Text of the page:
WASHINGTON (PAI) - A coalition of congressional Democrats, backed by much of organized labor, introduced legislation on Mar. 14 to hold employers responsible for their lower-level supervisors' sexual harassment of workers on the job.
The Fair Employment Protection Act would overturn a 2013 U.S. Supreme Court ruling that limits employer responsibility for sexual harassment. The court said that if supervisors who direct employees' daily work, but do not have the power to hire, fire or discipline workers, harass the workers, then the employer is not legally responsible for the supervisors' actions.
The new measure would make the employer responsible for those low-level supervisors' harassment, in suits under civil rights laws. It would not change who is a "supervisor" under federal labor law.
Unions backing the measure include the Coalition of Labor Union Women, the Communications Workers, the National Consumers League, AFSCME, the AFL-CIO, the Service Employees, the Teachers, the UAW, the National Domestic Workers Alliance, the National Education Association, Restaurant Opportunity Centers United, Unite Here, the United Food and Commercial Workers, and Working America.
"Workplace harassment remains an unacceptable reality that threatens the economic security of far too many people, particularly women, working to build a better future for themselves and their families," said the lead Senate sponsor, Tammy Baldwin, D-Wis. "Harassment has no place in the workplace and should never impede economic success."
The bill, whose House sponsors are Reps. George Miller, D-Calif., the top Democrat on the Education and the Workforce Committee, and influential Democratic Rep. Rosa DeLauro of Connecticut would "restore important workplace protections, move this issue forward, and help provide American workers the level playing field they deserve," Baldwin added.
The legislation corrects the court's decision in a case involving Ball State University in Indiana, which the five-man GOP-named Supreme Court majority extended to all employers. Overruling the court, the legislation says a supervisor is, under civil rights laws, someone "in charge of an employee's daily work activities, thus able to reassign an employee whom they are harassing," a fact sheet says.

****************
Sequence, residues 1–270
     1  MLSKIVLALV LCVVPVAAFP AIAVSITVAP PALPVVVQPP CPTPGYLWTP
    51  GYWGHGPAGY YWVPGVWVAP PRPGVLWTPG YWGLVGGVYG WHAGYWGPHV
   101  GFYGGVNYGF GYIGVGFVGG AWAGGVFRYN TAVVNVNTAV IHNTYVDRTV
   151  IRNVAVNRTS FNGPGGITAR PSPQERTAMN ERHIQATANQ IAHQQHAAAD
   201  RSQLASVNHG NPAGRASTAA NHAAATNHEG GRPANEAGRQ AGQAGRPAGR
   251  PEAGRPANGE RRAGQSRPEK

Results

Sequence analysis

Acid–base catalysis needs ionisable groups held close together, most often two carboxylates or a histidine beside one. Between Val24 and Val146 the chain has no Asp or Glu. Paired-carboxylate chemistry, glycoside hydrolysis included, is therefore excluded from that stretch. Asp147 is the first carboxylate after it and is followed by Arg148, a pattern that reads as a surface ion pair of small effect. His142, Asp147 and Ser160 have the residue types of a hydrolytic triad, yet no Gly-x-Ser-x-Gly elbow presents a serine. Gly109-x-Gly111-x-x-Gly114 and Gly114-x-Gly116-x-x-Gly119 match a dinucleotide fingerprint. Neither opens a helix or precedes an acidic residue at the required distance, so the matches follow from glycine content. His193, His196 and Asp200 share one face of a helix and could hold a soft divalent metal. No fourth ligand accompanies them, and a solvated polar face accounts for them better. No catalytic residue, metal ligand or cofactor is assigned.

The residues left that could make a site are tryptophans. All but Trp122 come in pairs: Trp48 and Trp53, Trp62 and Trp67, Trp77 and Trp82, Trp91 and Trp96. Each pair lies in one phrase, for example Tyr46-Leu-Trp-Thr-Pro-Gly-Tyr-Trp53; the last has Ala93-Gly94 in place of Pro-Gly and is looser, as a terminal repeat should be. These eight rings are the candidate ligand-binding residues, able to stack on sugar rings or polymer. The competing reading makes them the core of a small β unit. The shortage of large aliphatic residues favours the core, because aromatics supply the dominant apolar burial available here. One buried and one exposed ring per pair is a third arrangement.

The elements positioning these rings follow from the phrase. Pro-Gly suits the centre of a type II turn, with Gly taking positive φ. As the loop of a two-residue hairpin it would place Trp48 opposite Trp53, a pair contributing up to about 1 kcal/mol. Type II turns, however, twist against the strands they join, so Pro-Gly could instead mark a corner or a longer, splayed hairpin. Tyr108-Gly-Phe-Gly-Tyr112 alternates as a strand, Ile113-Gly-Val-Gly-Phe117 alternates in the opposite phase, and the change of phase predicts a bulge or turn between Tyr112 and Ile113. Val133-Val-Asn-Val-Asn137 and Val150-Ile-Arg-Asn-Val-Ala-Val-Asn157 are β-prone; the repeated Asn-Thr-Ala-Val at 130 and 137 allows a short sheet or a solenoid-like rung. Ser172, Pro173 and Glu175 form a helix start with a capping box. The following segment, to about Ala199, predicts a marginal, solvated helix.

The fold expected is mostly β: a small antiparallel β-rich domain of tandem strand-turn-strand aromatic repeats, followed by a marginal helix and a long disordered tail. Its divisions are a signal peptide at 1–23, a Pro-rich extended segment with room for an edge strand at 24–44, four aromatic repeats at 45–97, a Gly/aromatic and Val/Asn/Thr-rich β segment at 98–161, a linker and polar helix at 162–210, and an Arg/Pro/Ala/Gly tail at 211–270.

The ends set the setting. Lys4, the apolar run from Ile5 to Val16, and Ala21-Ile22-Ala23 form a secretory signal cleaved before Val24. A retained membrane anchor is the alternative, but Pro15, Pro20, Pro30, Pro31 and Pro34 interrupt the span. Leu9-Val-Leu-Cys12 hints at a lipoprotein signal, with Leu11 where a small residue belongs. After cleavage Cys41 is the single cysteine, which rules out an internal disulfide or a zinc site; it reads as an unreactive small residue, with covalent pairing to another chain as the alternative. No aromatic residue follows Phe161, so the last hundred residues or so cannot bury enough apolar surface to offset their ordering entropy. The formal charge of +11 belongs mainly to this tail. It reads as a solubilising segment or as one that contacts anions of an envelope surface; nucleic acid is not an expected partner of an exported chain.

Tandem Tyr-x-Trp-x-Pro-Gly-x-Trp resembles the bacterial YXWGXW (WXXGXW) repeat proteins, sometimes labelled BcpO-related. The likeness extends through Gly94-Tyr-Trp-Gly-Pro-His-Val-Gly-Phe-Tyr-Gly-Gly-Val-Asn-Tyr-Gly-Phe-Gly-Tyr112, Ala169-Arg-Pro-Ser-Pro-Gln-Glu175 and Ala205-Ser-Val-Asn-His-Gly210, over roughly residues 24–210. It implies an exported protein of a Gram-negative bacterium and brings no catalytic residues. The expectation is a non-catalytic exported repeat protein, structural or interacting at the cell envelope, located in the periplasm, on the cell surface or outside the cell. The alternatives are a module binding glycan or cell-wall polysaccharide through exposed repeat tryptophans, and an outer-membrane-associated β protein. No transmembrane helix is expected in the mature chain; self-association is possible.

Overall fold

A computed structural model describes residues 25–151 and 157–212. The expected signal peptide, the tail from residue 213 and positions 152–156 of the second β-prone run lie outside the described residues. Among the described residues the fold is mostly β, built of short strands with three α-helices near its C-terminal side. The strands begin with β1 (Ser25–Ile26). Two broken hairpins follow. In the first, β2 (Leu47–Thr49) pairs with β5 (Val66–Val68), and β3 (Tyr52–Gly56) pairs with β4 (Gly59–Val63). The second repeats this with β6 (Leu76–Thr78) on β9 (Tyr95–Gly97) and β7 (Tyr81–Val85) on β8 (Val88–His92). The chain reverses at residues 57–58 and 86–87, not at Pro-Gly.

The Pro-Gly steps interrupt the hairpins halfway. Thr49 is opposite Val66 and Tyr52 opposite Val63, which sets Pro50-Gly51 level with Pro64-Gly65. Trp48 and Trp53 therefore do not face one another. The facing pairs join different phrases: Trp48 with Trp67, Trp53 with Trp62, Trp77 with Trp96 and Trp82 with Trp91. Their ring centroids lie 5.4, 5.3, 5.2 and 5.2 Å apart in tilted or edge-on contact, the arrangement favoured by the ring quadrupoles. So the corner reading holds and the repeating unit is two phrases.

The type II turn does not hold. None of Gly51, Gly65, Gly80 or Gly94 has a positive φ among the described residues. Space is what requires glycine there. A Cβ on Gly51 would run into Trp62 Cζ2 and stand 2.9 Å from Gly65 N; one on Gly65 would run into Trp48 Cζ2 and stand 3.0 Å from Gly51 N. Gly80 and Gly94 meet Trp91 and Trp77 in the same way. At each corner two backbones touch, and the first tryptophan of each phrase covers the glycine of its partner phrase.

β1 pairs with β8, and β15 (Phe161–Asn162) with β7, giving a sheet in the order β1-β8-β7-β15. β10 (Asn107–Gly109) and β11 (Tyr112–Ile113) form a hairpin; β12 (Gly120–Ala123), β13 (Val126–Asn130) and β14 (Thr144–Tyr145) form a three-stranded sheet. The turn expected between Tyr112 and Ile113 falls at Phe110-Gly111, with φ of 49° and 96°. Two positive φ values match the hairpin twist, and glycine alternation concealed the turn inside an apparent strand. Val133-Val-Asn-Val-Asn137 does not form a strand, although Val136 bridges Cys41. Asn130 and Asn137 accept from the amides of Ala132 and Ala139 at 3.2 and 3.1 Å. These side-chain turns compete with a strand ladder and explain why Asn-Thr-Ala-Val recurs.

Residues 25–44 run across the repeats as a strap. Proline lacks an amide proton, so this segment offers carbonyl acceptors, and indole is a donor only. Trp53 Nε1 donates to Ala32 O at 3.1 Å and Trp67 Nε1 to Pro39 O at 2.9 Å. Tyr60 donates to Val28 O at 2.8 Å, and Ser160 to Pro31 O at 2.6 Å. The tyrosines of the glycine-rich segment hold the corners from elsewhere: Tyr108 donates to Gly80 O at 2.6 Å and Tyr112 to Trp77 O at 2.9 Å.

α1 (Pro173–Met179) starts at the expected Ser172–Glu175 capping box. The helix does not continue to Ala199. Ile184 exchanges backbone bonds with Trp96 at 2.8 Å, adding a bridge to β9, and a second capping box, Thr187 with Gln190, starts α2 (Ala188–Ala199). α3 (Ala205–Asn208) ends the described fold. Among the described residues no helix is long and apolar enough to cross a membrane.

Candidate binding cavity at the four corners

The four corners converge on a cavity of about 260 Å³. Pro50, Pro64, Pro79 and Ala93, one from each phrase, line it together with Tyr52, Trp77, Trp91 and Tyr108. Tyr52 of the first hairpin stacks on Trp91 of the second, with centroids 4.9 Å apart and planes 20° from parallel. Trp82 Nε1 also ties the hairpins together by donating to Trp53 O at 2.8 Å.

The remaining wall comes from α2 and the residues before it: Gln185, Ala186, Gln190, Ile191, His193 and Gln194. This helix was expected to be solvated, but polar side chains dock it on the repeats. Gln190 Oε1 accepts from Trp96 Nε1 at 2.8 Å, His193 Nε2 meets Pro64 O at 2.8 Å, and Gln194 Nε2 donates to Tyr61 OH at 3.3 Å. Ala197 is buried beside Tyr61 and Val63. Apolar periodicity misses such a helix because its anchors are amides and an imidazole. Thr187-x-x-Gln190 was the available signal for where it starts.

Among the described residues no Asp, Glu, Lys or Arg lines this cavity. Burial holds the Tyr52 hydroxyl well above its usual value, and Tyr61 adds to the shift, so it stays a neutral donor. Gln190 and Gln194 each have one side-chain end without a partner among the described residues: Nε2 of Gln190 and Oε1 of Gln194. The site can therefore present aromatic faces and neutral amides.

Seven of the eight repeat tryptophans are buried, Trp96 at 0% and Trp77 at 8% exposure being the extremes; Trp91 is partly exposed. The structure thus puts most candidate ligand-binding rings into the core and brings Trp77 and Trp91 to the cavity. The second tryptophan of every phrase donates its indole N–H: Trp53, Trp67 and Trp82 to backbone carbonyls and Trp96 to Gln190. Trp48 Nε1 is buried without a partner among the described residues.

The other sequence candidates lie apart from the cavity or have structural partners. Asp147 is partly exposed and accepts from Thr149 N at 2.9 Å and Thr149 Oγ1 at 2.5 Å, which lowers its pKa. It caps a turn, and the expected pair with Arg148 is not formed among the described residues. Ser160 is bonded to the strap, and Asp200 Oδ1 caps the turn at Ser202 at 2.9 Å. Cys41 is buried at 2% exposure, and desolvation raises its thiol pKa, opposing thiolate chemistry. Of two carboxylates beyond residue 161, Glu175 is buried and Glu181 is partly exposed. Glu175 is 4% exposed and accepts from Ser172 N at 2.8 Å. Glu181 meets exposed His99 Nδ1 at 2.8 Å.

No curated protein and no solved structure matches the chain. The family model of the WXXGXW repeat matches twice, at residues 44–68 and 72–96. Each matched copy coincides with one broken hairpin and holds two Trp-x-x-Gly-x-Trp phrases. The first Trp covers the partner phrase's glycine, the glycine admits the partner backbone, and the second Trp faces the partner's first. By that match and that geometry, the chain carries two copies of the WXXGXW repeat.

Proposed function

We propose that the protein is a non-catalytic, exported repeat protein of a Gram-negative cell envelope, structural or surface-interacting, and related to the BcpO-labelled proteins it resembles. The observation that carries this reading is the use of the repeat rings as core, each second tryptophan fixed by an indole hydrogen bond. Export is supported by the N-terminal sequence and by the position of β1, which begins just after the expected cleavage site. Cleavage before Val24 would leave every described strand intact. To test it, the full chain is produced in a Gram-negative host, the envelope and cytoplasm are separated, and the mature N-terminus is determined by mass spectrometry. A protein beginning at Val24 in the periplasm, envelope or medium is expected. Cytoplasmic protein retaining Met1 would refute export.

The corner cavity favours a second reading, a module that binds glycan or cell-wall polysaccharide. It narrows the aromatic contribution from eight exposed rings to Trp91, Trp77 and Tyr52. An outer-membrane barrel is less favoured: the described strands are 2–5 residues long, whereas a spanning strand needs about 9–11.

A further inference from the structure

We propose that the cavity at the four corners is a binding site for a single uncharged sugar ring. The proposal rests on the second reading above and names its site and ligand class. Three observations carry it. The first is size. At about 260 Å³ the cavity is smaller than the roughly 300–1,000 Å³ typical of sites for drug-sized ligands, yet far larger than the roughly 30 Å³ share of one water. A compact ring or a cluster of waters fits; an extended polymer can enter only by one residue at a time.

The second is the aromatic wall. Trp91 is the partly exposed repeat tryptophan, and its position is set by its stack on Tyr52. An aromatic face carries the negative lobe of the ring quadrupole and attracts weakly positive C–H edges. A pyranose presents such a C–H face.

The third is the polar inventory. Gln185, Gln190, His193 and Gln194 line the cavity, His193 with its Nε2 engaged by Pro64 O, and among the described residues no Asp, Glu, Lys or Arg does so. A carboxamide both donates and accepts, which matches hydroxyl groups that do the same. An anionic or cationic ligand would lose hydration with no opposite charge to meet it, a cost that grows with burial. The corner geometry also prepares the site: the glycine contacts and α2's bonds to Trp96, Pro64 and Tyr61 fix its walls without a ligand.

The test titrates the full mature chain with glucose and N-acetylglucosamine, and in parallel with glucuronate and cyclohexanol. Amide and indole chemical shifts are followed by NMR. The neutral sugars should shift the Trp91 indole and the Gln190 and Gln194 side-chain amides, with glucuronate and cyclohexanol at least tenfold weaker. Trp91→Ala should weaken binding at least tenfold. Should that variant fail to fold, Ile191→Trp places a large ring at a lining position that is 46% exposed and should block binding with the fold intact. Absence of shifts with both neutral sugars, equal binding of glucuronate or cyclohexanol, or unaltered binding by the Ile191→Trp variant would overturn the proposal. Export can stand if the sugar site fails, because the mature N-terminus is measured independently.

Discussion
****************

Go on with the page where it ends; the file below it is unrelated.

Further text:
That's the Equal Employment Opportunity Commission guideline for who is a supervisor that the justices overturned. "The bill is consistent with years of EEOC guidance on employer liability and has been endorsed by many of the nation's largest civil rights and labor organizations," the fact sheet adds.
Other backers include the National Partnership for Women & Families, 9to5, the Labor Project for Working Families, the Leadership Conference on Civil and Human Rights, Legal Momentum, MALDEF, MomsRising, CASA de Maryland, the NAACP and its legal defense fund, the National Center for Lesbian Rights, National Council of Jewish Women, National Council of La Raza, the National Employment Law Project, the National Organization for Women, the National Women's Law Center, Wider Opportunities for Women and the Women's Law Project.
Debra Ness, the National Partnership's executive director, called the new legislation "a badly needed step toward restoring essential protections for workers who face harassment from supervisors on the job. The Supreme Court eroded those protections in its troubling decision last year. This legislation is needed to enable victims of supervisor harassment of all kinds to hold their employers accountable.
"No one should face harassment at work, especially at the hands of the very people who have the power to control their day-to-day work and inflict harm," she stated.
Photo: Steven Senne/AP